As Services Leaders, it’s that time of year when we think back on the last year and make plans and resolutions for next year. To save you time, I made you a list of resolutions that you can use as a starter. So, repeat after me; I hereby resolve that…
…In 2023, I will Price Projects with More Math and Less Emotion (and increase revenue 10 to 20%).
I think most of us who lead services teams determine prices through a combination of prior experience, a task plan and what someone – maybe you, maybe a sales person – “feels” the customer can afford. The problem with that approach is that it is inherently subjective and tends to assume the best case, not the worst case or even the expected case, in terms of the unexpected issues that will show up during delivery.
That means prices are often based on what we perceive the customer is willing to pay more than what it will cost to deliver. And the result of that, in turn, is often the need to do free work to meet the expectations of the customer. And doing free work then leads to all kinds of problems, like cost overruns, missed targets and high stress for the project team.
You probably have seen the effects of that kind of stress. I see it when, once we are behind on the budget, unhelpful emotions are brought into the project…as reflected in statements like “I agree we should do more training, but we already are doing this at a loss”. And those kinds of sentiments are decidedly unhelpful when we are trying to navigate to a successful go-live and a satisfied customer.
So this year, start pricing projects this way: Build a catalog of well-defined services offerings with defined components for each, and with pre-defined pricing for each offering and each component, and include a risk factor in the process.
Then, with your “catalog” built, price your projects by simply adding up the pre-priced components. That way, the price is not personal and not subjective…it is just the result of adding up the components that are included in the project. And if you then do have to discount, do it as a clear percentage off the total, shown as a line item instead of making random tweaks to hours and rates.
From our experience with WorkRails customers, you will see more accurate and effective pricing and less remediation work. Another benefit you will almost certainly see is an immediate increase in your average project value…typically of 10 to 20%. That’s a pretty big return on the investment of one simple New Year’s resolution.
And while WorkRails works with an offering and components catalog as part of its core functionality, nothing is stopping you from changing to a standardized, catalog-based approach to pricing today..right now.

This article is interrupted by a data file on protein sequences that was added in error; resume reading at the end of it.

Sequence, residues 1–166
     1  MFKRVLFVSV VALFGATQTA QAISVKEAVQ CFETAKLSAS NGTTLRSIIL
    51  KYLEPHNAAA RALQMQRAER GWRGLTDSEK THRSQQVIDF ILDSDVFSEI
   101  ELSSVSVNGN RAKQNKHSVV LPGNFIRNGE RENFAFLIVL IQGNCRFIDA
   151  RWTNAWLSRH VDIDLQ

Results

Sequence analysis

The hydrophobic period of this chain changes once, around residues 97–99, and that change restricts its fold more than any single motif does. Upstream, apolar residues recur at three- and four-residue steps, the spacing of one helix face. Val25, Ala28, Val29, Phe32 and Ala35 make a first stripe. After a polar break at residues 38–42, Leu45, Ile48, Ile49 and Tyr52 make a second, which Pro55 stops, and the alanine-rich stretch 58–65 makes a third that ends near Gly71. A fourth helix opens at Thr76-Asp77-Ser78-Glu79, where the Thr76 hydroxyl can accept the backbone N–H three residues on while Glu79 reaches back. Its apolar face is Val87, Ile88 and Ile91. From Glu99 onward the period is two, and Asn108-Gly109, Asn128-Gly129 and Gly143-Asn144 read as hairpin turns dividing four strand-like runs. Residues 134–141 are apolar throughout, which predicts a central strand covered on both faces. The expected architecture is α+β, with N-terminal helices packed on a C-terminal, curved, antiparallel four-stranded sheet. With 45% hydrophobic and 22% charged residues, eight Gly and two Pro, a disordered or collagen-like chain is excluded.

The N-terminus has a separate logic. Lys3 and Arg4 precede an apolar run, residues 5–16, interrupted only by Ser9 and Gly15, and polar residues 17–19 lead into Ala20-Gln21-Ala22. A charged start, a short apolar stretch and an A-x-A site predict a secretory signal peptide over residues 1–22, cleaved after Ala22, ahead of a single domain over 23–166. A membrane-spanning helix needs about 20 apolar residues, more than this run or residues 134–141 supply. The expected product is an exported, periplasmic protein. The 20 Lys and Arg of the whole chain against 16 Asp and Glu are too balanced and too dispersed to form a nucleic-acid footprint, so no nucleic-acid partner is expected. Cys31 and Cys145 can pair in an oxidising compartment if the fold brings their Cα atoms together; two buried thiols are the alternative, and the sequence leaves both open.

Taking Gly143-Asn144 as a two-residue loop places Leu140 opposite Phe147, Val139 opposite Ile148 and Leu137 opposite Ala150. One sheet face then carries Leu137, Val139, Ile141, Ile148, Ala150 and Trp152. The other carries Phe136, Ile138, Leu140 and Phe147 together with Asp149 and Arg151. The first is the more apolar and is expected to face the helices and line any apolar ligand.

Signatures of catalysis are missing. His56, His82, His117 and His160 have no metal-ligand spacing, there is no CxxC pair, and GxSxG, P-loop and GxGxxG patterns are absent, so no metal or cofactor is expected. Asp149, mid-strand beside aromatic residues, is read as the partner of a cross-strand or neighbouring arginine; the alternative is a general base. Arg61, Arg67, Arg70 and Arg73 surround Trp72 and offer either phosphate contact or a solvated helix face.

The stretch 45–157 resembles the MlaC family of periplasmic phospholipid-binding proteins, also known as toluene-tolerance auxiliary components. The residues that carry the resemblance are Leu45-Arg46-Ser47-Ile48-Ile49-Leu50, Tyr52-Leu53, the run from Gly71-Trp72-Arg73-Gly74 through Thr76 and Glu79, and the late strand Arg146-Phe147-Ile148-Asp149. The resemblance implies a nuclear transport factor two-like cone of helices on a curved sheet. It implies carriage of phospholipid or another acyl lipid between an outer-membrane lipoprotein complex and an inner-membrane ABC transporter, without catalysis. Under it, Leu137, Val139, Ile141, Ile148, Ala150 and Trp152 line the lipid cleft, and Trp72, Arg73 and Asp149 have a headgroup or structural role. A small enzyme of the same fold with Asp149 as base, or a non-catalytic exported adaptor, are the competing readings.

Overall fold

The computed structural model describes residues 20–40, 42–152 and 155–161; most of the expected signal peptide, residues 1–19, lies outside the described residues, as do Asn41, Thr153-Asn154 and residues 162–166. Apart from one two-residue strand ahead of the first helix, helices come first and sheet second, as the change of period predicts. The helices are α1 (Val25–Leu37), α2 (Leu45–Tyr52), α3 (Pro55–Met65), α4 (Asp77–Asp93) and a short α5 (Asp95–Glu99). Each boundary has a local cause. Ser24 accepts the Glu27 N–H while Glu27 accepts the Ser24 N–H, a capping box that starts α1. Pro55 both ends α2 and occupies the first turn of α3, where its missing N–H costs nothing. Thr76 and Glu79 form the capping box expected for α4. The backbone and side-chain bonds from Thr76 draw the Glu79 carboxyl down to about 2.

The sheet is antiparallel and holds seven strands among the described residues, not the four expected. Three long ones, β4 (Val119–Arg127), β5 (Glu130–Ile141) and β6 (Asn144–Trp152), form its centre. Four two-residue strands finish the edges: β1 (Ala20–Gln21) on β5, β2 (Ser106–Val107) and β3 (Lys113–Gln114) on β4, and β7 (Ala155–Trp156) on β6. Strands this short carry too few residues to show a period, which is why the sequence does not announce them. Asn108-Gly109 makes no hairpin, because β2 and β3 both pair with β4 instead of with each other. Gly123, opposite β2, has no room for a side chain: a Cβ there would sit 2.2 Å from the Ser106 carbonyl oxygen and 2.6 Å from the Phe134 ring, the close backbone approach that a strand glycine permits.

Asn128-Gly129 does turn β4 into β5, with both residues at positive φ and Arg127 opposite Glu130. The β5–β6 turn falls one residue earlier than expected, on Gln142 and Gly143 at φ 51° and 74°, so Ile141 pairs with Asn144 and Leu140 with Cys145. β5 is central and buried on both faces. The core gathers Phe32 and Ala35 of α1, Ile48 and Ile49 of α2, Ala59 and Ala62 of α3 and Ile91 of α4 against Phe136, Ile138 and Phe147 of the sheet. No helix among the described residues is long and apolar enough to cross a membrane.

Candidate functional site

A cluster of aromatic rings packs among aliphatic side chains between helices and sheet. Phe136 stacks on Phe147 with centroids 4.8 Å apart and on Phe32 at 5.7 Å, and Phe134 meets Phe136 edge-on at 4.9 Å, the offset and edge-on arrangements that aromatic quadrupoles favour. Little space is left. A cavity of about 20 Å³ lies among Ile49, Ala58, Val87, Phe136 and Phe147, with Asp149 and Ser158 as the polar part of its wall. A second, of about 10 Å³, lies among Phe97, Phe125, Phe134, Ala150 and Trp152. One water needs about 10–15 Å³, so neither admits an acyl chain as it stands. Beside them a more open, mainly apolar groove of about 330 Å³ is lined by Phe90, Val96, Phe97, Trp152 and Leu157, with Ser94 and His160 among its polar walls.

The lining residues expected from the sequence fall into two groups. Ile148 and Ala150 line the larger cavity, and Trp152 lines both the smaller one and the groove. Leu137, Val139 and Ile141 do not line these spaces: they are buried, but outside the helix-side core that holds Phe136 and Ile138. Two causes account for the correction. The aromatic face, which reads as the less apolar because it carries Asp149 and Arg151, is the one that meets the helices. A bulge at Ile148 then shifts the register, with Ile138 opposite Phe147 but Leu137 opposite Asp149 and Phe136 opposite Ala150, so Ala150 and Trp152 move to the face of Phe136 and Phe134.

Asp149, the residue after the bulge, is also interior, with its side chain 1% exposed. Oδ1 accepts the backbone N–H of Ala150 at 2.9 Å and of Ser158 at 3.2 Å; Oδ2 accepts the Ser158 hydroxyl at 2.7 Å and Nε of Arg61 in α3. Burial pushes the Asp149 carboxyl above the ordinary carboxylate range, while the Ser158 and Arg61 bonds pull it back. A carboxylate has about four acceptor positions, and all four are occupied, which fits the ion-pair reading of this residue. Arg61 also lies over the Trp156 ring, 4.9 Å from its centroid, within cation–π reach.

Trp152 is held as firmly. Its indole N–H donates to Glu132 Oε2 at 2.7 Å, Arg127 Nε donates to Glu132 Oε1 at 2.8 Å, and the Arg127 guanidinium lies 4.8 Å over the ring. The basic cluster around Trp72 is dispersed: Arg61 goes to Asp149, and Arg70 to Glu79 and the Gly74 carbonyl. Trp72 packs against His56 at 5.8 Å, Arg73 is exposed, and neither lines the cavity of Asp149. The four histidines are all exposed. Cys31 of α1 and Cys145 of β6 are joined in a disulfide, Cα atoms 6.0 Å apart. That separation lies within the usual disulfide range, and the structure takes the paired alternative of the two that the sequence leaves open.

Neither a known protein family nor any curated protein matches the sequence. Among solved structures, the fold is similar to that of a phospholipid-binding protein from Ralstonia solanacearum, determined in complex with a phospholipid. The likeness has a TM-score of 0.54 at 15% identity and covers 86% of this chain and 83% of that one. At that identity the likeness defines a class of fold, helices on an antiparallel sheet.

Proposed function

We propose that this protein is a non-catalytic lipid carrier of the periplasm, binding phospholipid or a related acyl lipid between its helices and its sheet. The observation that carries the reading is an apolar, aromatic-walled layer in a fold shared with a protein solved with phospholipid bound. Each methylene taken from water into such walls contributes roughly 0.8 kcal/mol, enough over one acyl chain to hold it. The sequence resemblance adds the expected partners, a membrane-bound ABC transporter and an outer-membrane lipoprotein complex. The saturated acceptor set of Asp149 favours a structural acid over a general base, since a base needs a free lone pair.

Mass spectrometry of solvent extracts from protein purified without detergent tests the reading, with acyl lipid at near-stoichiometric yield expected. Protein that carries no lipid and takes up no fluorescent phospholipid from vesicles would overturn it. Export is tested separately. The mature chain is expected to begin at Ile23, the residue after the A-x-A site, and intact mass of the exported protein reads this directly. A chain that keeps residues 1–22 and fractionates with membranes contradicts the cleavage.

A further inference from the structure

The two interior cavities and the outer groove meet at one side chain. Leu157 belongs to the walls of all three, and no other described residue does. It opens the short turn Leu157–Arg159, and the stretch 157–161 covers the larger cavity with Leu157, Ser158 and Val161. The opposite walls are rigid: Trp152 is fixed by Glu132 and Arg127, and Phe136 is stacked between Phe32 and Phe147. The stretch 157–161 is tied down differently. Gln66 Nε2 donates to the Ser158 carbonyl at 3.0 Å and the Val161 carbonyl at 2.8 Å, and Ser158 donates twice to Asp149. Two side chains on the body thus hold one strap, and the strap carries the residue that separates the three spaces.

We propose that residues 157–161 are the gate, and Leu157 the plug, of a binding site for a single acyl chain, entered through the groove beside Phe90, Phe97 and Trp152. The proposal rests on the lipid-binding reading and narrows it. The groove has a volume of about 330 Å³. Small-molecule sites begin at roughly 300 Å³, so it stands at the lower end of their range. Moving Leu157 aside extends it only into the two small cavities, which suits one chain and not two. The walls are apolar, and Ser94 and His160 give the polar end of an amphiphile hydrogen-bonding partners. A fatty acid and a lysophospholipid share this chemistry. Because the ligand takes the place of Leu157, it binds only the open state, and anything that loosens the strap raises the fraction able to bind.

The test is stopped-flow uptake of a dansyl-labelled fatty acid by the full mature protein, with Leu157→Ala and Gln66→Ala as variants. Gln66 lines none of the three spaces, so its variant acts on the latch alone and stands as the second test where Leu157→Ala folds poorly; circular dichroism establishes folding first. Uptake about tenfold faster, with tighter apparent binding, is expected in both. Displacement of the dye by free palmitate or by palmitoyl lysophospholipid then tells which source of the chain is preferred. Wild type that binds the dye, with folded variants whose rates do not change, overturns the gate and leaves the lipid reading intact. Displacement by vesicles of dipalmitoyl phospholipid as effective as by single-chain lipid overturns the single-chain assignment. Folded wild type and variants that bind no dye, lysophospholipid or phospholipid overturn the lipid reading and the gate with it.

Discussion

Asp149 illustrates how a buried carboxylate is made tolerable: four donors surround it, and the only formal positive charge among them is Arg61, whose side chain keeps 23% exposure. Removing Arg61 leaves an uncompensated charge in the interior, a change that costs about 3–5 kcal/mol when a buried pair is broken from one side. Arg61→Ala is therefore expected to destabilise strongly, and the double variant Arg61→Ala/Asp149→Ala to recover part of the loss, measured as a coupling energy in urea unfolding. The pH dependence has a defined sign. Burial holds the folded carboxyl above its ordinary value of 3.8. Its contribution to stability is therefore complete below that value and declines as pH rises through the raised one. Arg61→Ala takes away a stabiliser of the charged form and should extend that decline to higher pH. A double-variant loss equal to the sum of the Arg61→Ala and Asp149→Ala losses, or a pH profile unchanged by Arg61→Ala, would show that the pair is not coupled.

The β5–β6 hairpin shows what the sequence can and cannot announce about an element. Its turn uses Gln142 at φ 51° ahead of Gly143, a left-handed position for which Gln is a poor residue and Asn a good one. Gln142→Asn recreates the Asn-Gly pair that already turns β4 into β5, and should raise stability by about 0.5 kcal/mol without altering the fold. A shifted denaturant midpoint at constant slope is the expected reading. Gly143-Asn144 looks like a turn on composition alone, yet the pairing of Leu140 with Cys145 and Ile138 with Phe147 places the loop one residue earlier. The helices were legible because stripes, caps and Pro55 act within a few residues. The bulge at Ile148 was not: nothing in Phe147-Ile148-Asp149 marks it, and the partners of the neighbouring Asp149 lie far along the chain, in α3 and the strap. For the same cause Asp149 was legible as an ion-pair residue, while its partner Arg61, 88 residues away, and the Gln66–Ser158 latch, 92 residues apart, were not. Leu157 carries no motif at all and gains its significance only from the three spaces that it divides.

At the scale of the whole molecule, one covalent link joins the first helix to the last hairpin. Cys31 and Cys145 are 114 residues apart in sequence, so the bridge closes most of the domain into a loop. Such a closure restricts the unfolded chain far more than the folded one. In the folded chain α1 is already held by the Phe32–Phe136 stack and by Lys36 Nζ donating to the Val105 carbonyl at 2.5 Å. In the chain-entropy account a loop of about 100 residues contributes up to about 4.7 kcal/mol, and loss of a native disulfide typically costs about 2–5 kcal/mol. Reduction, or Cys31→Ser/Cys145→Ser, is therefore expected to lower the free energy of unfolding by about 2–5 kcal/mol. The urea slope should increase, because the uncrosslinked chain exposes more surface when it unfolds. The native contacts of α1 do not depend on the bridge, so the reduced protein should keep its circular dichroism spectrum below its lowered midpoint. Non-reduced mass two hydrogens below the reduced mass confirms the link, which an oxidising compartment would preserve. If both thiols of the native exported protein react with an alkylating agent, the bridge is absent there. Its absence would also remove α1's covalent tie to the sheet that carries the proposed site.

…in 2023, I will NOT create new SOWs by starting with a copy of a previous SOWs.
Don’t be ashamed. We all do it, or at least have done it. You know, that thing where you need to provide an SOW or proposal for a new project, and you start by resurrecting a prior SOW or proposal from a previous project.
A few clicks – File, Save As – and some search and replace work and voila, you have a new SOW for a new prospect. And what’s wrong with that?
A lot, actually. This approach creates a bevy of problems, including the fact that any errors from the prior versions are carried forward. In addition, an analysis of the results of the prior project (like asking whether we make any money on the project) is probably not incorporated into the new pricing.
And perhaps most embarrassingly, small details like names of the customer can be missed in the “find and replace” step and show up glaringly in the new version. (I call those ghosts, because they give me nightmares).
A better way? Generate new SOWs and proposals automatically, with the content driven from standard descriptions and standard prices for each project component. An automatic sales document generation system ensures that no ghosts from prior SOWs sneak in, and allows the content to be refreshed periodically as part of a central content management system.
WorkRails incorporates an approach that uses a guided model, asking questions about which components of a project are to be included, and then generating PDF and Word versions of the SOWs and proposal from a standard template. The result is an SOW that includes exactly what it should and nothing that it should not.
…in 2023, I will transform the way we do pre-sales discovery .
Perhaps the oldest adage in sales is that “time kills all deals”. Any delay increases the chances that budgets will be frozen, competition will be evaluated, your company’s champion will change jobs or their company will be acquired.
And the only thing worse than that happening is being the actual cause of the delay.
It makes sense to want to do a deep dive into requirements and integrations before pricing a project, building up the scope piece by piece, line by line. More information will of course yield fewer surprises. But taking more time also increases deal risk.
There is a better way, a happy compromise. Start the scoping work by assembling the known components of the project based on a catalog of project types and components. That gives you a first estimate.
Next, evaluate each component of the project and make a simple determination: In this project will this project element or component be simple, typical or complex. Using that assessment, use a standard complexity factor (such as +0%, no +10% and +20%) to adjust the price of each component.